Week one of the political year and the potential shape of the election campaign is already forming.
Expect fake news, or at least allegations of it. Expect a lolly scramble for infrastructure spending. Expect it to possibly get personal.
It shouldn't surprise anyone that a senior Māori Party figure made the first real play of the year. That's largely because the first two big political events of the year are Māori events. So, whoever wants Māori votes, may want to target Rātana and Waitangi for maximum impact.
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That first move came from Dame Tariana Turia, co-founder of the Māori party. She didn't pull her punches, accusing the Labour-led Government of stuffing up Whānau Ora, the system she helped to set up. It provoked an immediate response from the Government, which suddenly found $3 million for the Whānau Ora commissioning agencies and also suddenly found time for the PM to urgently meet with Dame Tariana and her four fellow kuia. It was quite the turnaround from the previous position of allegedly not even replying to Dame Tariana's letter. But it was too late, because by then, Dame Tariana had made it personal, accusing the PM of being "out of her depth".
Expect more of that. Labour's pegged its brand to the much more successful brand of Jacinda Ardern, so it doesn't take a genius to realise that targeting the PM hurts both brands. Direct attacks will likely be too tempting to pass up.
Meanwhile, the PM made a play of her own. She's announced Labour's going to run a "factual" campaign, which by implication means they'll probably try to paint National's as the opposite. Cast your mind back and you'll realise Labour's likely been working on this for a while. It possibly explains the song and dance Labour made by complaining to the Speaker about National's online "attack" videos. The videos were really quite mild, but regardless, complaining about them set it up quite nicely for Labour should they want to hammer the line that National's videos are dishonest and misleading.
It helps, of course, that National has fallen foul of the Advertising Standards Authority on two videos. And it helps that Labour this week signed up to Facebook's transparency tool while National refused to. Truth is, that tool doesn't tell us if an advert's claims are factual. It only tells us who the ad's targeting and how much it cost. But, Labour will know that, because it's called the "transparency tool", it could help to create an impression that Labour's campaign is clean and National's isn't.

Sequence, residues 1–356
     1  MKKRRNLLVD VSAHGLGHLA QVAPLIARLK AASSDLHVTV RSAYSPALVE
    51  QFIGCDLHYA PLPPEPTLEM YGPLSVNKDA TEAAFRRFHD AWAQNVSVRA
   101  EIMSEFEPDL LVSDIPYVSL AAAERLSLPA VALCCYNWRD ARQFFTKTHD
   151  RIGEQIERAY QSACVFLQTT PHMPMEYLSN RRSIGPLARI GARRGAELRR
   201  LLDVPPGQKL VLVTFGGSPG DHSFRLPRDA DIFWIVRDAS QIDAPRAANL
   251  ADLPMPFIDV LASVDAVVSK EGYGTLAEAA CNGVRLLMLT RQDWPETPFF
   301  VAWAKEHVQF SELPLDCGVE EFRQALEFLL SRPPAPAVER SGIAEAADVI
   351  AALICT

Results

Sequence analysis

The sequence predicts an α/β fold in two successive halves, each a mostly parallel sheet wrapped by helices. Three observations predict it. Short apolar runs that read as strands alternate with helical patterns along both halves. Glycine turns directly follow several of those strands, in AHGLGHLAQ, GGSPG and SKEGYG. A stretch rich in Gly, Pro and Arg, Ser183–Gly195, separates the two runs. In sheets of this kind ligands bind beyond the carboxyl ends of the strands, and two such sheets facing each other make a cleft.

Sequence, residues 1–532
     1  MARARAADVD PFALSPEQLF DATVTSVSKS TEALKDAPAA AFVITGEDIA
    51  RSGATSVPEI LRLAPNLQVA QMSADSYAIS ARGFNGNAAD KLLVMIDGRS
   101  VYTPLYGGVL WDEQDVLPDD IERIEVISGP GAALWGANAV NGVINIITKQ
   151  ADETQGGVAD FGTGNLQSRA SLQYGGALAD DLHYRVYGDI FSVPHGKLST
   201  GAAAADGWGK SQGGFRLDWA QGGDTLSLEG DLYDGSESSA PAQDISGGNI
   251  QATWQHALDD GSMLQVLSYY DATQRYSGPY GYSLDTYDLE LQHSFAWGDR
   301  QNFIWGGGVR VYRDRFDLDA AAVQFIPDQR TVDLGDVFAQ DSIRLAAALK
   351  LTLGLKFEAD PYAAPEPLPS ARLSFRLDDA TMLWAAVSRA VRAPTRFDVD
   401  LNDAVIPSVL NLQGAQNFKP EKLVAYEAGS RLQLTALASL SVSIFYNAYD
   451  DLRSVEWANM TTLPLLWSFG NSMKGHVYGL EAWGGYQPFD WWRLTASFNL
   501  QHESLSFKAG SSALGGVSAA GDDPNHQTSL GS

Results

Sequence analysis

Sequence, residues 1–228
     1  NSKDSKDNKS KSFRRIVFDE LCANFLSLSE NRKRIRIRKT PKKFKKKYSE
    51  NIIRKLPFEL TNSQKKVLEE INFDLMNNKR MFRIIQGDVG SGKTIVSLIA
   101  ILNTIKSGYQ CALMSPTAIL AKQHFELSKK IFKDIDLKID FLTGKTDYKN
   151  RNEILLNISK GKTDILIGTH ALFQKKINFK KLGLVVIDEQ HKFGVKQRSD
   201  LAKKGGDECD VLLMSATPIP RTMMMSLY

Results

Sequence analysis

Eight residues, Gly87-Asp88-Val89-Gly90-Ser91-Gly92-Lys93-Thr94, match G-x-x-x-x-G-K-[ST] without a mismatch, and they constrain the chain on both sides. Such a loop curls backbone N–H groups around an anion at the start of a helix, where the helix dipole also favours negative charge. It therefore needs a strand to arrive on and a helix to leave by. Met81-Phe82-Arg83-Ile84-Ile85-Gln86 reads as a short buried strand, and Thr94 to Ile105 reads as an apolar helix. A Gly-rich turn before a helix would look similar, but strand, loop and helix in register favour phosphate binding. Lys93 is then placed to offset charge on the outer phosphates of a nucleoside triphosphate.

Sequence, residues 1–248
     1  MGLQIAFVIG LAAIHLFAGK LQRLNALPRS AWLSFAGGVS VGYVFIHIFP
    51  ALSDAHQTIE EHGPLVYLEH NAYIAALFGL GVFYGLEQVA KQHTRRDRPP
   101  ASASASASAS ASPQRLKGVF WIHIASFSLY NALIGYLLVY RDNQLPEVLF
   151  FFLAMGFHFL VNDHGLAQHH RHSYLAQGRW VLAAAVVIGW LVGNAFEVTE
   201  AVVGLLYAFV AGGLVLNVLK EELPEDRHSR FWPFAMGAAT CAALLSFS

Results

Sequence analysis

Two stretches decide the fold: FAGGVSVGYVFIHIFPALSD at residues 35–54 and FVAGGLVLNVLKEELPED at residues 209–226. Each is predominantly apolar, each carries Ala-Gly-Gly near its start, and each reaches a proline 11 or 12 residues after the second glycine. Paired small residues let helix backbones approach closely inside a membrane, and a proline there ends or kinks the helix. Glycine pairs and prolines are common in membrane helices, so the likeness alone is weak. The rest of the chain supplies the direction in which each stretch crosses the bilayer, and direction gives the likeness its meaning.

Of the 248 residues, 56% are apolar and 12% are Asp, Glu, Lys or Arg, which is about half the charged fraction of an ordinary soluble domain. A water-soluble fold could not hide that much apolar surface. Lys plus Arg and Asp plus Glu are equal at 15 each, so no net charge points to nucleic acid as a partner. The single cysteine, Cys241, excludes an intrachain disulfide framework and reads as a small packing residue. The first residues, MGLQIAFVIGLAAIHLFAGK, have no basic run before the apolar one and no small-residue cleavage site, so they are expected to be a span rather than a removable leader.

And finally, expect big money for anything that looks vaguely like an attempt to rebuild the country. Roads, rail, schools, houses, buses. Labour has pledged $12 billion so far. Expect National to make its own move. Pork barrel or not, the country needs the money so it's a welcome election issue.
Labour's advantage is that it has the jump on the issue. It's the first to pledge the money and, because it's in government, it can get the projects underway. Its disadvantage is its lack of credibility on delivery. Unless Labour can get a shovel in the ground, it can promise as many roads as it likes, but voters may - quite rightly - question if and when those roads will ever appear.
National's advantage is that it has credibility in infrastructure. It was, after all, the party with "a road-building obsession" at the last election. Its disadvantage is that it seemed to be all roads, no public transport.
So, both parties have their work to do in winning votes on this issue.
Of course, we're only one week in. There are 34 weeks to go to September 19, which is the date most have picked for the election. Everything could yet change. Either way, though, if this past week is anything to go by, strap yourself in for a ride.